The acrid odor of strong ale and the appetizing aroma of the roasting meats pervaded even the darkest corner. Kegs of rum and ale lined one wall, and in front of these the innkeeper swabbed his well-worn planks with a damp cloth. He cast an occasional eye toward a souse who dozed in the shadows at the end of the bar, while a serving wench bustled about to slide trenchers of food and tankards of ale before a pair of men who bent their heads close together across a trestle table near the hearth.

Seated at a table in front of the window, Christopher Seton tossed several coins onto the pitted surface to pay for the fare he and Silas Chambers had shared, then leaned back in the chair to sip the remainder of his ale leisurely.

The barking of dogs on the street outside announced the hasty departure of Mr.


Chambers and his rather nondescript carriage. Christopher smiled in amusement as he watched through the glass panes. Woodiwiss disturbed by the argument that had ensued between the Flemings, and with another to download him a libation, he had readily confessed that he was somewhat hesitant about taking the maid to wife. It seemed the mayor had boasted of his daughter being as meek as she was comely, and though her beauty had certainly been proven, Mr.

Chambers confided that the quality of meekness was most heartily strained. The girl had displayed a bit more fire than he thought he could handle. He was a most peaceable man, painstakingly cautious, and rather set in his ways.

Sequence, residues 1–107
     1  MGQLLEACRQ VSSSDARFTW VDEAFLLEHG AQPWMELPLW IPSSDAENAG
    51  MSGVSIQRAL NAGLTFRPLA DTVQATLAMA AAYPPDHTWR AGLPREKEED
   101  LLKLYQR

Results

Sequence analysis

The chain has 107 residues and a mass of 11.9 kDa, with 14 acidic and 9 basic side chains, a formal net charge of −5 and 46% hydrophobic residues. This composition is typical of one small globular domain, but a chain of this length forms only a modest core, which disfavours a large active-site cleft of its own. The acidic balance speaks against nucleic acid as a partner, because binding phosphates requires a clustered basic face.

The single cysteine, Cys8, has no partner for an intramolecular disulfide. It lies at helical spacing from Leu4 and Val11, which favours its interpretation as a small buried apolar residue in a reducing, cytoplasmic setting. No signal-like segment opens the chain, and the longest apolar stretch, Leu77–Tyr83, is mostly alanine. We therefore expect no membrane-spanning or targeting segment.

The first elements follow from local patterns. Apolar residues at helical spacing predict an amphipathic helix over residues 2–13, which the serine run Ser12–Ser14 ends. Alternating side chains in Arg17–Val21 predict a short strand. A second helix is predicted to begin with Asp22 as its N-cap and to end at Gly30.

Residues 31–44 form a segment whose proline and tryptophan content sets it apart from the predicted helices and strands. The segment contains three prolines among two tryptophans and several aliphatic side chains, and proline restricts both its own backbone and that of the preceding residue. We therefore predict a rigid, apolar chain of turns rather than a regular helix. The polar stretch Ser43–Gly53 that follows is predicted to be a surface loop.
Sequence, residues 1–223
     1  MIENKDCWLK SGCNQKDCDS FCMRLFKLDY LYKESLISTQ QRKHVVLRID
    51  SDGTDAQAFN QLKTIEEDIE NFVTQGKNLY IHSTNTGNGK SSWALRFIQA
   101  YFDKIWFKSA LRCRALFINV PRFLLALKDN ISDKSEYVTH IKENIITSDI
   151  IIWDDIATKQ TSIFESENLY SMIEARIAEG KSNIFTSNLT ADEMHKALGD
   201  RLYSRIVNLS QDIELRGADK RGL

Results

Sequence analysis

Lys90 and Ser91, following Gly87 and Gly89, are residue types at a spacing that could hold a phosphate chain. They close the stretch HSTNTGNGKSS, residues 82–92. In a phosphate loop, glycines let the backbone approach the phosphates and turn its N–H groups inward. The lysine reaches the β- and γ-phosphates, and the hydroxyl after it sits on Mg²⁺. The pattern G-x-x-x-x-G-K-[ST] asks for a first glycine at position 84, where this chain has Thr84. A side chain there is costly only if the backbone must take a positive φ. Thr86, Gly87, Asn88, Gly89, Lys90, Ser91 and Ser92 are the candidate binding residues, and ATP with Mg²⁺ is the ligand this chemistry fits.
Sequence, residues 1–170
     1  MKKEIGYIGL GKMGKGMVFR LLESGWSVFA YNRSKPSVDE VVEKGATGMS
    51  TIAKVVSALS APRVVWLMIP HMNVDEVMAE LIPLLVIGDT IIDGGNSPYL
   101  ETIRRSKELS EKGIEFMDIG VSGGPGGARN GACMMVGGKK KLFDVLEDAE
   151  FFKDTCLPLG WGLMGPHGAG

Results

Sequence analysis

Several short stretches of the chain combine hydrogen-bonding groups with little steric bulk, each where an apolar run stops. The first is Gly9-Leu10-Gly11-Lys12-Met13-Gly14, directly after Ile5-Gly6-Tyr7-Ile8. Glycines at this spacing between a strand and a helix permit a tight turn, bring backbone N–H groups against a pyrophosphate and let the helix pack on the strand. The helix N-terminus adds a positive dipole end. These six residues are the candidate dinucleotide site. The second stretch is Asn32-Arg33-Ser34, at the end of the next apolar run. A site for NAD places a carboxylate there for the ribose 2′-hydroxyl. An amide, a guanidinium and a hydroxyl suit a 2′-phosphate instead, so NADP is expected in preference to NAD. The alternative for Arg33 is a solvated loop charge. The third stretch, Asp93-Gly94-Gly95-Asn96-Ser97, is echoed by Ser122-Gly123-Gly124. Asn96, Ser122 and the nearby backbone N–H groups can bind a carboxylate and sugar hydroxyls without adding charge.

To be able to feast on such loveliness and to think of her as his own would no doubt be joy without peer, but her display of temper sorely worried him.

Indeed, he was most comfortable with it. It had not been necessary to issue dire warnings or morose insinuations in order to dissuade Silas from returning to the Fleming cottage.

All it had taken was a few understanding nods, noncommittal shrugs, and a sympathetic countenance to convince the man that he should approach this matter of marriage with a great deal of caution.

Silas had appeared almost eager to heed this sage advice. After all, he had rationalized aloud, he had his small fortune to protect, and one could not be too careful about choosing a wife. Christopher felt a presence beside his table, and raising his gaze, he found the short, straggly-haired sot anxiously eyeing the halffilled tankard that Silas had left.

It was not hard to guess what had lured the man, but Christopher was curious about Mawbry and its mayor and was not unwilling to listen to the babblings of a village alehound. Christopher gave an affirmative nod, and the man smiled broadly, showing badly rotted teeth, before his gaze darted to the cup again.

As soon as the man flumped down into the seat, he caught up the tankard and greedily drained off the contents. Purplish veins lined his face, and the left one of those dull blue eyes was slightly coated with a whitish film. He glanced nervously about, awaiting the fare. The woman slid the ale and a wooden trencher of meats before him, and leaning forward to take up the coins on the table, she smiled at Christopher, inviting him to view her voluptuous endowments as the blouse sagged away from her bosom.

In an unexpected movement Ben slapped a gnarled hand over hers, startling both his patron and the serving maid. Still, she carefully counted out the necessary coin and departed. Satisfied, Ben lent his attention to his meal and his ale. He took a long pull from the tankard, then sighed deeply. The man shrugged his shabby shoulders. At least for a while.